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Jennifer Jo Cobb made her Camping World Truck Series debut at Kansas Speedway in 2008 but suffered an engine failure just 31 laps in, sliding behind the wheel of a Derrike Cope-fielded Dodge. It was a scratch-and-claw effort that was the start of pursuing a mountain-sized dream to one day make it as a full-time NASCAR competitor.
Fast forward to the 2015 season and those dreams, while financially tenuous have become a weekly reality. Cobb’s running her self-owned team on a full-time schedule, becoming a staple on the Camping World Truck Series tour where she broke into the sport. But sponsors, along with success have been tough to come by at times, leaving her team scraping by based on the big-budget operations it competes against. The owner of the No. 10 truck is even fielding a second start-and-park effort, the No. 0, to help raise funds and keep her organization afloat.
However, during a time when independents have found themselves increasingly invisible Cobb has found a way to survive. This year marks the seventh season she has run her own team, and despite the challenges, created mainly by a lack of funding, she keeps on truckin’ week after week. This season has been one of hope and improvement for the 42-year-old, who just made her 100th career start two races ago. Though there aren’t any top fives or top 10s in the statistics surrounding her year, that won’t keep Cobb from being optimistic.
“It’s good. Our goal is always to improve, even if it’s just in small manners, and I think that we’re seeing that improvement,” Cobb said at Texas Motor Speedway a few weeks ago. “I feel good about the state of the team and the attitude and the growth. We’re seeing a growth in sponsors every single year, growth in our fan base every single year. We have a very happy team. What more could you ask for than to continue to grow?”
Cobb is a rarity in a field of teams with multiple corporate sponsorships and millions of dollars backing their trucks. While many are focused on their own success and improvement, competing for wins and the series championship her team just hopes to earn top 15s. It’s a tough time for these “Davids,” increasingly marginalized as the Goliaths get richer but Cobb sees the big picture. While fending off extinction herself, she sends a message of support among all full-time teams, no matter their finances in order to keep the field from shrinking.
“I always say all 32 trucks in the field are important and we need to look out for each other,” she explained, suddenly taking on a more serious tone. “If we start losing more and more teams, we’re no longer going to have a series. I think it’s in the best interest of everybody to have good sportsmanship and help keep everybody going.”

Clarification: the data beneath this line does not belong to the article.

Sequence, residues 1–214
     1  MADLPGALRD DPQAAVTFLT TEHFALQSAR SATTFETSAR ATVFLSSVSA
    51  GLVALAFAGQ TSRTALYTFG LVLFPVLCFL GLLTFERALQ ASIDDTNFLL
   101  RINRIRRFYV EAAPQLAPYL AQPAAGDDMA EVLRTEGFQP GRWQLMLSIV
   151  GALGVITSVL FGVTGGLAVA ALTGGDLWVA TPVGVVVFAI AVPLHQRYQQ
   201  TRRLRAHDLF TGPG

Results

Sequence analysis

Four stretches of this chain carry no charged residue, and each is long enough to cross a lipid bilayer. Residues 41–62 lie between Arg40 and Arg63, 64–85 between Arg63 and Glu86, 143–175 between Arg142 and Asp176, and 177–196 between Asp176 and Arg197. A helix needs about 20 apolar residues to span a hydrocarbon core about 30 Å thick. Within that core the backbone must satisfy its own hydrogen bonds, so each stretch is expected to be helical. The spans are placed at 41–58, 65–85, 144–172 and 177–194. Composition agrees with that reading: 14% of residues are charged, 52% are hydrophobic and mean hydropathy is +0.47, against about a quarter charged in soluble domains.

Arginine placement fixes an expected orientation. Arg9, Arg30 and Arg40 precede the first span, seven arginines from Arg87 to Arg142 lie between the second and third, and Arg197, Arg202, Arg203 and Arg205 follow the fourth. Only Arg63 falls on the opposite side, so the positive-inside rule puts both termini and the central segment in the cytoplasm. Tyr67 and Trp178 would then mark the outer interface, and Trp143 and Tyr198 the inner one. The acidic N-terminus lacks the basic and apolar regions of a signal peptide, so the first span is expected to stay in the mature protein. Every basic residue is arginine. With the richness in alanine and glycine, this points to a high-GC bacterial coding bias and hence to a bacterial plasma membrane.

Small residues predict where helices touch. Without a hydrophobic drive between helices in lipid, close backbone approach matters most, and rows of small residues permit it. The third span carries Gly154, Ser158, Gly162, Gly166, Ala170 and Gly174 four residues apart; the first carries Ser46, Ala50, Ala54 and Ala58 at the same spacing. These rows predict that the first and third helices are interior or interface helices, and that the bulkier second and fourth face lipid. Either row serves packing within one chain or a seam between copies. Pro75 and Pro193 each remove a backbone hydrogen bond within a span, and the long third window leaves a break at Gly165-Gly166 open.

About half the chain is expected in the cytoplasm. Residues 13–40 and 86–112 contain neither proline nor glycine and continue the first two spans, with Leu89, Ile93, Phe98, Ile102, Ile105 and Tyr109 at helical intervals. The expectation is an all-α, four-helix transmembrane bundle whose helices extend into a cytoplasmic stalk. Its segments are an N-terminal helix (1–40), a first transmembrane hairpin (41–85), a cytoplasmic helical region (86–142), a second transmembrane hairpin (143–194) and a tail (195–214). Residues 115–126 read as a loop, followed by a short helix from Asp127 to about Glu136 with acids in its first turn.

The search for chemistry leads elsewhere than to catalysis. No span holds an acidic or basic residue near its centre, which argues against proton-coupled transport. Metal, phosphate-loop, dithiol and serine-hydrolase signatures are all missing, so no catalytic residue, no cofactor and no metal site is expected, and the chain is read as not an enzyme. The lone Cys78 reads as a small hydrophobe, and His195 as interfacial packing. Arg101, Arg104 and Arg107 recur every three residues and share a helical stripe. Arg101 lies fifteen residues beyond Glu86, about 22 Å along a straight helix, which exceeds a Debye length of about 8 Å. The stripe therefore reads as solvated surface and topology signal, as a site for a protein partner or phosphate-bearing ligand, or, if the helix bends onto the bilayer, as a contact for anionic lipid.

That passion for all teams to understand each other came through in Cobb’s incident with Tyler Reddick at Dover. Early in that race, the No. 10 nosed into the inside wall, seemingly off of the front bumper of Reddick’s truck. As a result of her anger over the incident, Cobb got out of her truck before safety officials arrived and walked up the track to gesture her displeasure. Though she made her point, NASCAR handed down a $5,000 fine and probation through the end of the year to Cobb for violating the rule that states drivers must remain in their vehicles after the wreck. In public comments after the incident, while frustrated Cobb seemed just as focused on teaching Reddick as defending herself.
It’s not like Cobb isn’t focused on success for her own team, though. Jennifer Jo Cobb Racing gets by week after week on a fraction of the cost and still manages to make it to the track, finishing races and qualifying in on speed. Relying on her passion, her faith and a little luck, Cobb keeps going even when it looks like the end is near.
“It’s what I love to do. It’s tough. I hope it doesn’t sound like we’re complaining,” she said when asked about why she keeps racing if money is that tight. “This is what we love. We live for this. We can’t wait to get back to the racetrack. There’s so much satisfaction to go out and be able to compete – and sometimes beat – teams with 100 times your budget. It’s very rewarding.”